The Murphysboro Art, Wine, and Blues Festival is coming Saturday, September 9, featuring many musicians, vendors, and artists. One of the featured performers of the night is blues artist, Samantha Fish. The band joining Samantha (guitar/vocals) is composed of, Kenny Tudrick (drums), Chris Alexander (bass), Phil Breen (Keyboard), Travis Blotsky (saxophone), and Mark Levron (Trumpet).
The festival gets kicked off at noon at Riverside Park in Murphysboro.
The Times had the pleasure of talking with Samantha about her success and her path to the spotlight. Samantha Fish is a singer/guitarist originally from Kansas City, Missouri. Inspired by her dad’s talent, she took music in at a young age.
“I started playing guitar when I was 15,” Fish said. “My dad and his friends all played. When I picked up the guitar, it was a natural thing to do. I never would have thought I’d been a front person because I was so shy. Music gave me a means and outlet to communicate and come out of my shell.”
She said there were many artists who inspired her tone.
“When I started getting into blues music, I loved the soul singers. I was really into Ray Charles and Aretha Franklin. I never could their vocal stylings, I was just a little kid, ya know? When it was blues it was R.L. Burnside or Junior Kimbrough,” Fish said. “The Fat Possum (Record Label) sound really bridged the gap between the raw punk stuff and blues music. That really spoke to me.”
Samantha soon started playing at local jams in Kansas City, which grew into forming new bands, and eventually going on tours. She still appreciates the local Kansas City musicians, mentors, and bands that let her sit in and play at shows at the age of 17. Samantha said she gives credit to her peers and friends that have helped her up from the start as well as her management, label, and booking agents that back her up now.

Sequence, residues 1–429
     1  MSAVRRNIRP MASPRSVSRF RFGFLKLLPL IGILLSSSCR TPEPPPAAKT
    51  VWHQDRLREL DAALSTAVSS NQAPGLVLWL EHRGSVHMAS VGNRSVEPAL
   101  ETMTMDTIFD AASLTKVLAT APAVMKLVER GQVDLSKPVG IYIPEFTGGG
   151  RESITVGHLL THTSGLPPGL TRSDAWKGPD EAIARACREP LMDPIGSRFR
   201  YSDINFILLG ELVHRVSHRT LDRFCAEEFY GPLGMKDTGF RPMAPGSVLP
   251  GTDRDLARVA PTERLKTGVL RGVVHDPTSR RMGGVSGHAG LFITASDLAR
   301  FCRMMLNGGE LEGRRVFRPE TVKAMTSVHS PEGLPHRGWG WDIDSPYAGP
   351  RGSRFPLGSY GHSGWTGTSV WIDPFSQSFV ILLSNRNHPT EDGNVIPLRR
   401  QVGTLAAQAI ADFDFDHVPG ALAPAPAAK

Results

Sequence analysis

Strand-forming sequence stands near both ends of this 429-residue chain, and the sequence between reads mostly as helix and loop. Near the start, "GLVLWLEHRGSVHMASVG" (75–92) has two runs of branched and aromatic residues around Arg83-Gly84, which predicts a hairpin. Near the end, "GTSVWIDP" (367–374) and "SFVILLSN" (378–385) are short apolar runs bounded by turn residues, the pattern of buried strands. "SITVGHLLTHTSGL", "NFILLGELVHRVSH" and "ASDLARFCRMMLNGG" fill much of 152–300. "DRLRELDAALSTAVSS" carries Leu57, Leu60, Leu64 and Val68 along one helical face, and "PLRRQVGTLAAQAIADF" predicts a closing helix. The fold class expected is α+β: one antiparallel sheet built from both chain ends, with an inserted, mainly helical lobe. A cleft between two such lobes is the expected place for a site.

With the growth of her success grew a large following of fans. One of which is blues legend Buddy Guy. Samantha said,
“He’s a living legend in the blues world. Whenever I got the opportunity to sit in with him, I was scared,” she said. “Playing in front of Buddy Guy and seeing him smile is pretty amazing. He’s seen everything. He’s done everything. Being able to pull a smile from him is a feat.”
Samantha Fish has been on tour promoting their newest record Chills and Fever. She said being on tour has allowed her to meet many new people.
“I met a guy named Bobby Harlow. He’s produced a lot of cool Detroit artists and punk rock bands. We decide we wanted to do a covers album. None of these songs are original. They are kind of obscure classics. They were never really hits, but hey sound like hits. We wanted to give a second chance to songs people might not have heard,” she said.
Members of the Detroit Cobras and Samantha’s horn section recorded the record in Detroit to tie in the regions sound and inspiration.
“There’s a fine line with between respecting the original, making it your own, to pay tribute to the artist that did it without losing too much of yourself,” Fish said. “It was an interesting balance, finding a way to remake these songs.”
In November, Samantha has another record coming out Belle of the West, which will feature original music and a continuation of their tour.
For the festival itself, Executive Director of Murphysboro Chamber of Commerce Steve Webb said preparation for the event starts in April.
“We’ll meet a couple times a month starting then, and about eight weeks before the event, we start meeting every week,” he said.
The Chamber is expecting around six wineries, 10 performers, and around 18 craftspeople, featuring food from Southern Que and One Hot Cookie.
“We typically have 3-4 local talents, and then bring someone in from out of the area,” he said. “This year we were lucky enough to get Samantha Fish.”
The performers this year are, Tawl Paul, The Phonics, Ivas John, Lew Jetton, and then Fish headlines the event.
“The weather is looking great so far in the extended forecast and we’ve had around 700 people in the past,” he said. “We’re hoping and crossing our fingers with the social media, expecting quite a few more people than that.”